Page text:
Signs of a significant difference;Scotland;Viewpoint;Opinion

26th June 1998 at 01:00
TWENTY-EIGHT years ago, as a young teacher in a Glasgow secondary school, I spent a week on secondment to Coates Paton in Paisley, part of an initiative to bring education and industry closer and offer young people and teachers a chance to learn more about the challenges and opportunities of the business world.

Recently, as chief executive of Scottish Business in the Community, I spent the morning in a Glasgow secondary school where Scottish Secretary of State Donald Dewar and a leading Scottish businessman, David Murray, were grilled by young students on setting up and running a business. It was another innovative and exciting initiative.

Over the 30 years a huge number of challenging schools-industry initiatives and projects have been introduced across Scotland.

No longer is exposure to the world of work seen as an almost optional adjunct to the main activities of schools; something which can be achieved through projects, special programmes or by leaving such activities to external partners. Education for Work is now a central plank of Scottish education policy.

Clear signals have been given and explicit commitments made by ministers to ensure that this issue receives very high priority indeed and that a more coherent and co-ordinated approach is encouraged and supported. The challenge has been thrown down to Scottish business leaders to engage in the debate about how to encourage young people into work and improve employability.

But they have also been challenged to become more actively involved in supporting the education service in achieving this ambitious Education for Work agenda. Early evidence suggests that the Scottish business community is ready and indeed anxious to take up the challenge.

Following a strategic review, Scottish Business in the Community (SBC), whose directors and Council members include most of Scotland's leading companies, has committed itself enthusiastically at national level and locally.

Plans are in hand for more Business Support Groups beyond the present 13 which will encourage local schools in forging links between the business community and the education service.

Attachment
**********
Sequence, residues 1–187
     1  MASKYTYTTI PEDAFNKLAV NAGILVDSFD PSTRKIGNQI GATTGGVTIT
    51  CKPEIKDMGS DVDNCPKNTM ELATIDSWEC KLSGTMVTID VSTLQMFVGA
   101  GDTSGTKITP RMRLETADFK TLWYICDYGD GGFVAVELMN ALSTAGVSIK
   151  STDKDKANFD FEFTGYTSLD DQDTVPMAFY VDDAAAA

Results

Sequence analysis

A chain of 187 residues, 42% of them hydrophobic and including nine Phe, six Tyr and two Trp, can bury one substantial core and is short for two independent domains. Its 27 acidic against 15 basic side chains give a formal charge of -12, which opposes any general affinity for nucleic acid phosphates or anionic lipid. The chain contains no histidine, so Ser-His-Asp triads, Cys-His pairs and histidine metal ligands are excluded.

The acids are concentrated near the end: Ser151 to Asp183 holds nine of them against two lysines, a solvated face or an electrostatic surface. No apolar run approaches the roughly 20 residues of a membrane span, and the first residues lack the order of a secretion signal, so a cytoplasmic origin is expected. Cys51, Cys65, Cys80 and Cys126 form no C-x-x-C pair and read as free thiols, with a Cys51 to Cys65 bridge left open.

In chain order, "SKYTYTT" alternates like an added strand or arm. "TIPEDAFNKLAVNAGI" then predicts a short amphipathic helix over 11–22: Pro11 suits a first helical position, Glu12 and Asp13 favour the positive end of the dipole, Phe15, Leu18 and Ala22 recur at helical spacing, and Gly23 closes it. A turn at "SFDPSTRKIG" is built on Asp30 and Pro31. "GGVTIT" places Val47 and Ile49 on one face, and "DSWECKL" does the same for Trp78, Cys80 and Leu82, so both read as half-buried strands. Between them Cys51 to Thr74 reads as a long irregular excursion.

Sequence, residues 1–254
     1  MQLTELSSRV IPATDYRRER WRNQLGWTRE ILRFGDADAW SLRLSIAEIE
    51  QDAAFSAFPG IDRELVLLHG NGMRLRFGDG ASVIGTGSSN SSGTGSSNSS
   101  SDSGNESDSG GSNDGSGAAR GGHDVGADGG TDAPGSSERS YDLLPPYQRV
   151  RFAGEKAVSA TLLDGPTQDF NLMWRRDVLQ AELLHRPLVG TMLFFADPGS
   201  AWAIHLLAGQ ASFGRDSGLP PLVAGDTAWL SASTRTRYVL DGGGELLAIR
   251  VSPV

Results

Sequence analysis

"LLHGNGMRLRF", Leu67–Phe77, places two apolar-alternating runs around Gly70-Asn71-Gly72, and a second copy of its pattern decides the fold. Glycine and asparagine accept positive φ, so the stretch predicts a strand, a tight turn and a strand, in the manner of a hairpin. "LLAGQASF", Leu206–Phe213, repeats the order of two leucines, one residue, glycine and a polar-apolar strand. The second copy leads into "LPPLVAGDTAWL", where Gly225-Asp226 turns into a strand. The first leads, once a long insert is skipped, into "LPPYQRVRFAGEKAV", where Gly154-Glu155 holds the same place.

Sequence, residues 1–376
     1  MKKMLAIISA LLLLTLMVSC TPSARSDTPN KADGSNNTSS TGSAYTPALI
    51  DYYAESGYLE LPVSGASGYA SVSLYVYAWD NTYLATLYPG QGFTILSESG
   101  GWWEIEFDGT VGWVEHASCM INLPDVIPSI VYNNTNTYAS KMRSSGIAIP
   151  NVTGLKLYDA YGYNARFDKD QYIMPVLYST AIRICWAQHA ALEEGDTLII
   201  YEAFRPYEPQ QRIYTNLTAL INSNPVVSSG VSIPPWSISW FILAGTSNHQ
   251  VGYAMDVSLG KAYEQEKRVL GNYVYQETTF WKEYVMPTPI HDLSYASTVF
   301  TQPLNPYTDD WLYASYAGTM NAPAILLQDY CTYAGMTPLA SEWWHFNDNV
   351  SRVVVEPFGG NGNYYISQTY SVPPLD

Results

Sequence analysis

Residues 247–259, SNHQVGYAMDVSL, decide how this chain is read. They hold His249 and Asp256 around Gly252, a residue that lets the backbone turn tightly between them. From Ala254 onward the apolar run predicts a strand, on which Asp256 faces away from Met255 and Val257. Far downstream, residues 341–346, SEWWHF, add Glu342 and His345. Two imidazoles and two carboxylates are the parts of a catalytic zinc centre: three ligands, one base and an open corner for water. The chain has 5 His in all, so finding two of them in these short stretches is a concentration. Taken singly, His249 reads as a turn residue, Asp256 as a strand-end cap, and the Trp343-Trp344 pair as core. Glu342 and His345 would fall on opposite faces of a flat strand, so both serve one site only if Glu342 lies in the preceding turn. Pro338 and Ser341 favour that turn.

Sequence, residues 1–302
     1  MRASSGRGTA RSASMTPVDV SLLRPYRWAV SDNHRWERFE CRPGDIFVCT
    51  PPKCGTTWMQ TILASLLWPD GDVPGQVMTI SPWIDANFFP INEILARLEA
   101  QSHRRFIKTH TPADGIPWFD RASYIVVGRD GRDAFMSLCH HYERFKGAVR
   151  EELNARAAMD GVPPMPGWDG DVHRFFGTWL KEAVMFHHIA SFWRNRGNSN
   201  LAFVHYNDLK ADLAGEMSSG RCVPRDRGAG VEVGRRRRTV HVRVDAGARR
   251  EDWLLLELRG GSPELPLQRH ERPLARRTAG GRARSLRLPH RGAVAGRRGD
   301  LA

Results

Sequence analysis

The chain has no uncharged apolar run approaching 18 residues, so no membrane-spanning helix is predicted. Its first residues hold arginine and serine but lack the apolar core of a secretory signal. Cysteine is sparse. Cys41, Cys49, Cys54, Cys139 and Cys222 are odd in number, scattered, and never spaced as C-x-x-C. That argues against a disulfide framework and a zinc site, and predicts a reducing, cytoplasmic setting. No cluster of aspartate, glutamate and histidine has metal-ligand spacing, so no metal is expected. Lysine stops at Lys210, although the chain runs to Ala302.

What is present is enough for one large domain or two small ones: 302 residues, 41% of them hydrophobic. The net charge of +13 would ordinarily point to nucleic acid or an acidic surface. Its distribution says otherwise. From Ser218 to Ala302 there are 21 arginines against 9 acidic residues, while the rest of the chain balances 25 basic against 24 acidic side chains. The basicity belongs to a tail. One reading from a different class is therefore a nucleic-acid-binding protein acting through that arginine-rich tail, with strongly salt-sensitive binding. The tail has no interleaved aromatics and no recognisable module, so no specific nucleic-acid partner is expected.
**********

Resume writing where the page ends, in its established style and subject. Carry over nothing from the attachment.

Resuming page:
Nationally, the newly established Centre for Education for Work will have the full support of SBC and its members in a partnership arrangement which will ensure that the business community is fully informed about and understands national and local education policies, procedures and priorities. In turn the education community in Scotland can expect more informed and detailed feedback on the views of the business community.

The recently announced Entrepreneurs in Schools initiative, arising from the newly established Scottish business leaders forum, chaired personally by the Secretary of State Donald Dewar, will develop as part of the overall Education for Work agenda, again supported by SBC.

Individual companies have committed themselves to Education for Work. One leading company has agreed to sponsor national awards for schools which show excellence in preparing young people for the world of work. It has also announced a national award to support the development of core skills in the Higher Still programme.

We now have the opportunity in Scotland to move forward in a spirit of genuine co-operation with all the partners having a clear understanding of their respective roles and responsibilities, and a common goal within a coherent, progressive and harmonious policy framework. That is the significant difference.

* Frank Pignatelli is chief executive of Scottish Business in the Community.

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